My campaign to get ‘people’ onto the balance sheet.
If you’re in business then you’ll know that for most organisations, the biggest asset is people. But I’ve never understood why, in the accounting world, we’ve been able to quantify the cost of people, but have failed to reflect their value on the balance sheet.
I’ve been working in brand for a while now and have had the privilege of working alongside some of the world’s most progressive organisations who are at the forefront of management strategy. The one phrase that you consistently hear these days is that ‘we want to build our organisation from the inside-out’.
But even with these organisations when it really comes down to it, the value of their people is never reflected in the value of their organisation. There are some people who claim that people form a part of the intangible asset value, which is bundled in with things like brand value and good will (the likeliness that your customers will continue to buy from you after you sell).
But for me, that’s just not good enough.
The technical reason from an accounting perspective as to why people are not included in the balance sheet is because we don’t theoretically pay to acquire them. In accounting terms, the asset’s value is based on the purchase price. But if we want to get technical then there are lots of ways we can still calculate a price, but totalling the cost of acquisition. We really do underestimate the cost and investment that goes onto acquiring and keeping people, all of which is stored within that person.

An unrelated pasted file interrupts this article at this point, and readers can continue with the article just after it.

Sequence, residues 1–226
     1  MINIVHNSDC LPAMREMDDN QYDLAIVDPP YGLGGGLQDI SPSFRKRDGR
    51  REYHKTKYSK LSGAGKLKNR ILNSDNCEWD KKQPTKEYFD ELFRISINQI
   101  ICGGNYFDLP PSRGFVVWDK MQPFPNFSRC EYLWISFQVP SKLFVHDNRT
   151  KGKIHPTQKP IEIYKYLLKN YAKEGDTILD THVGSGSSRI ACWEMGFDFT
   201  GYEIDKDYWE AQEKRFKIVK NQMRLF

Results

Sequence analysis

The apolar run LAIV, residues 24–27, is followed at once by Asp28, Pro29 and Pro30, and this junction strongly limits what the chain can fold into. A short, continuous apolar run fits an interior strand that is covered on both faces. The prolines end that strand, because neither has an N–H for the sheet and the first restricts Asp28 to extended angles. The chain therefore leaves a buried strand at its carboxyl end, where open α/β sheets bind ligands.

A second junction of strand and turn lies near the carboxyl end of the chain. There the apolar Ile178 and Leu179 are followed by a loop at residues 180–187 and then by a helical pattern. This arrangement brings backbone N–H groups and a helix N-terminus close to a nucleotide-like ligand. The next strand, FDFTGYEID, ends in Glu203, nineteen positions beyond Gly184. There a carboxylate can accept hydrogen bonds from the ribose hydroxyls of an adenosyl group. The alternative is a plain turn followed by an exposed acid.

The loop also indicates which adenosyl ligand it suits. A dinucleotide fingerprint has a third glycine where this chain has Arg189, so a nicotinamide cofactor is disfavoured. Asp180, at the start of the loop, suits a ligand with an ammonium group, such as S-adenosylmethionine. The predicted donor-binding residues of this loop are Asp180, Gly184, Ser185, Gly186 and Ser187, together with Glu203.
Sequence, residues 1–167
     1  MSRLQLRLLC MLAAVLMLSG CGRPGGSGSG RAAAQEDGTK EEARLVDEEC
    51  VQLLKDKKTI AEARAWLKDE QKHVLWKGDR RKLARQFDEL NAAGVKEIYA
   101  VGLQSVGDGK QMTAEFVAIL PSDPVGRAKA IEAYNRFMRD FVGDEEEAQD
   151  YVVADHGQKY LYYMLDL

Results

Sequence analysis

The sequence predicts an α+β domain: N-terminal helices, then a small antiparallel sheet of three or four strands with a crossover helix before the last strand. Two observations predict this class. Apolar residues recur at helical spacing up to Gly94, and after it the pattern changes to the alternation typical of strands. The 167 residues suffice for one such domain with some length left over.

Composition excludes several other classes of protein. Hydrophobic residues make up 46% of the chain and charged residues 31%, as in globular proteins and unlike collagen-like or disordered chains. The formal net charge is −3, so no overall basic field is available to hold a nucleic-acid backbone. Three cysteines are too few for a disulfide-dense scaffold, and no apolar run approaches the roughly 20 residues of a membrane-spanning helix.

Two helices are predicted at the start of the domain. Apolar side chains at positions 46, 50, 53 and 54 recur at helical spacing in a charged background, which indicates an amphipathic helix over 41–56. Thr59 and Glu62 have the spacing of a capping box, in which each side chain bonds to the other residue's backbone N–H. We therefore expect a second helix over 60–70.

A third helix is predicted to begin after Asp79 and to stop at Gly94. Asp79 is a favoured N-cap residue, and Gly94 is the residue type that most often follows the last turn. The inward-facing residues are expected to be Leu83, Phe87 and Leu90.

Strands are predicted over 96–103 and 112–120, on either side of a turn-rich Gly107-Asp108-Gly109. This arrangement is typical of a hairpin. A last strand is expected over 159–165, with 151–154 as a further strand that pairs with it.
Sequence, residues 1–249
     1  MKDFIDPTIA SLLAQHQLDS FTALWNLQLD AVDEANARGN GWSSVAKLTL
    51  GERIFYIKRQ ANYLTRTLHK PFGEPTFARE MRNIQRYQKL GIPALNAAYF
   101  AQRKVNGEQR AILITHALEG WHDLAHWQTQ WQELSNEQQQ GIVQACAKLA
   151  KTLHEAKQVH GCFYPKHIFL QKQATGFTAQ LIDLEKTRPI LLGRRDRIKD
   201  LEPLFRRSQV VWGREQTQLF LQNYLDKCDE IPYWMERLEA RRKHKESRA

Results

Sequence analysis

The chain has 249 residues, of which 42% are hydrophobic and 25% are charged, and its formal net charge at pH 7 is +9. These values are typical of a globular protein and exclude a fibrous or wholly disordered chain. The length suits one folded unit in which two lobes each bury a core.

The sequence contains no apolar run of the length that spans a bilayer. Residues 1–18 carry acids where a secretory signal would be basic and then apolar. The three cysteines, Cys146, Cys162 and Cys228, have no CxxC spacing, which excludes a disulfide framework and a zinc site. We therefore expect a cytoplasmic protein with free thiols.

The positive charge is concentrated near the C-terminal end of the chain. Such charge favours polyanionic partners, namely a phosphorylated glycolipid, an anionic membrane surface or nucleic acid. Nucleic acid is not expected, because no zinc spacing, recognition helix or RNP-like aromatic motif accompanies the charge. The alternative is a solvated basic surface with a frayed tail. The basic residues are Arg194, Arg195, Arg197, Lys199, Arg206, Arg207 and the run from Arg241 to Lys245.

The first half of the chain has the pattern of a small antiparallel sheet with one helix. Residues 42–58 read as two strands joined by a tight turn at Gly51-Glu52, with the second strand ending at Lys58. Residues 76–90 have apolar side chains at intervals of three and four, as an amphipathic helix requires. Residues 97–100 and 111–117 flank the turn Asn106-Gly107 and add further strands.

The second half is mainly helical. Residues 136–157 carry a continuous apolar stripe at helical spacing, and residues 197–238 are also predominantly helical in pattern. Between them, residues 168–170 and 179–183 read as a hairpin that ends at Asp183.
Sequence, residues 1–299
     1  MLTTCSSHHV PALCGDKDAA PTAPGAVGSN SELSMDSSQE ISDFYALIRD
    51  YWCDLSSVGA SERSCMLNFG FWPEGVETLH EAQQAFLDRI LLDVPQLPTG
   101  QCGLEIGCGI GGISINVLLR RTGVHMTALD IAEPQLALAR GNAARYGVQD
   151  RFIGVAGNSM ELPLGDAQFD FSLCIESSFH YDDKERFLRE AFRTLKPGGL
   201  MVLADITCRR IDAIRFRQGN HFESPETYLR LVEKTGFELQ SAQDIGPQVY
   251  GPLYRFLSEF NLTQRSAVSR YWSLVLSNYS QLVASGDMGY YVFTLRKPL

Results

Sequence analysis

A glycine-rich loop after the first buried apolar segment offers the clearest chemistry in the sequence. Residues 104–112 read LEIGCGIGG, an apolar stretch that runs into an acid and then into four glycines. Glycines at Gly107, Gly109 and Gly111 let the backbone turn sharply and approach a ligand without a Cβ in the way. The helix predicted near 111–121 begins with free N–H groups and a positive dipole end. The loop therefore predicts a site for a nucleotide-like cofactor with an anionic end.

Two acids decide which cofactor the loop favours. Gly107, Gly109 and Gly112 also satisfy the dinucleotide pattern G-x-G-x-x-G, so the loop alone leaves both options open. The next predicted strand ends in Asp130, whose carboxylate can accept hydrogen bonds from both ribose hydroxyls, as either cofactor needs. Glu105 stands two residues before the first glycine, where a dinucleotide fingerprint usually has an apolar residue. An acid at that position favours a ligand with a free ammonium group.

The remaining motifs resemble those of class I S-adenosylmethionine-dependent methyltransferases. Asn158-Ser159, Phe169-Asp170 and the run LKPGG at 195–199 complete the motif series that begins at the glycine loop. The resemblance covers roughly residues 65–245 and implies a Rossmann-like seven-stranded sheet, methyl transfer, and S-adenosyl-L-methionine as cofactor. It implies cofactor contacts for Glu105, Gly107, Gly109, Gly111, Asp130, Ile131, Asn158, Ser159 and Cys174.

But this isn’t about technicality; it’s about real value. Companies who have managed to acquire people with tremendous skill, experience, knowledge and talent are in a much stronger position than their competitors who don’t. After all, these people are a lot more unique than a machine or a computer which can be replicated very easily. So why shouldn’t this be taken into consideration when evaluating the value of the company?
The question is, would the inclusion of people on a balance sheet make a difference in the investment that goes into them over time? At VIVA, we’ve worked on many brand projects that look at metrics such as employee engagement, churn and retention but they all come down to investment. It’s not just about looking at people as individual assets, the collective group value is far superior and important in the valuation. The investments that companies make on collaboration, team dynamics and processes are all part of this value.
So next time when you’re thinking about growing the value of your company, just have a look to see if you’re already filthy, stinking, rich and how you can convey that to the market.
It’s time to market your people.